A fall factor is a simple representation of the severity of a fall. It can be used to evaluate the potential loadings exerted on the climber, the equipment and the anchor components.
Calculating a fall factor is achieved by simply taking the distance of the fall and then dividing it by the length of rope or lanyard available to absorb the energy;
While a fall factor does identify the possible loadings that will be exerted on both the climber and the equipment, even a low fall factor could have fatal consequences. Big falls can still result in low fall factors where attention should be made towards the amount of distance fallen and the necessary clearance required.
This page uses diagrams and references to testing standards to assist in the understanding of fall factors, these have been included purely for illustrative purposes only! In no way do they suggest a recommendation or represent how the equipment should or could be used.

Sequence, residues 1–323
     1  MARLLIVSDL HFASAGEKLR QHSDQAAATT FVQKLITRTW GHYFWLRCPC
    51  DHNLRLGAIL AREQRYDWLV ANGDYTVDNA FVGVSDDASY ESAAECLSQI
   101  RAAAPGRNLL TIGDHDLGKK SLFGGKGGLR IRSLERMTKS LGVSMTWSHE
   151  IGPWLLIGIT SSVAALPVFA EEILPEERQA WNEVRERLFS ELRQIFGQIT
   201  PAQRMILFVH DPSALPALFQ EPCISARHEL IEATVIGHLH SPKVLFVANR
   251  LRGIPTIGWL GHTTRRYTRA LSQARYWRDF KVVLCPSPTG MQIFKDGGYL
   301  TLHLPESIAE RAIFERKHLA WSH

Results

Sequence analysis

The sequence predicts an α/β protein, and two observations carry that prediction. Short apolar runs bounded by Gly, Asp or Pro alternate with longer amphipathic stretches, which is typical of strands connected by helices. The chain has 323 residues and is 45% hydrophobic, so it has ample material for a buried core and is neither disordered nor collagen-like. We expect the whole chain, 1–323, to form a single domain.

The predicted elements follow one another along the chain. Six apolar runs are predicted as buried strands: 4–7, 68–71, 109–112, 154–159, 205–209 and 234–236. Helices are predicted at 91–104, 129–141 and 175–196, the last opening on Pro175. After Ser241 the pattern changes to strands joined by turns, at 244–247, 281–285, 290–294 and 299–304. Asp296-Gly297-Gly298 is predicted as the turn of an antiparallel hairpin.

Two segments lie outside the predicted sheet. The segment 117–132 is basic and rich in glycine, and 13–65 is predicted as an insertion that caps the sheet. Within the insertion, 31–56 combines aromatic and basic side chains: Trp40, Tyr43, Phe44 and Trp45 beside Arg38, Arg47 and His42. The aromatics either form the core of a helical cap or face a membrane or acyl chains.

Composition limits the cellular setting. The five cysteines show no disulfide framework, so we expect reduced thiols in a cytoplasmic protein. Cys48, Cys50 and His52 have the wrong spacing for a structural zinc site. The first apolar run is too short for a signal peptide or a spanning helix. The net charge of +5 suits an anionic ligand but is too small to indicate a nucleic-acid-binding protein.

Fall Factor Chart
The chart below displays several examples of different fall factors. All the lanyards are made from a two metre length of dynamic rope which has been clipped to a fixed anchor point.
Fall Factor Two – FF2
Normally we should not be able to achieve a fall factor greater than two (FF2). A fall factor two or FF2 could potentially exert a significant amount of force both on the climber and the equipment in the system, this will also include the anchor point! Dynamic climbing ropes certified to the European EN 892 standard are tested to withstand only a certain number of fall factor 1.77 falls prior to failure occurring.
It is bad practice to accept a fall factor two in any situation. Fall factors should be kept as minimal as possible to reduce the likelihood of excessive forces being applied to the climber and the equipment.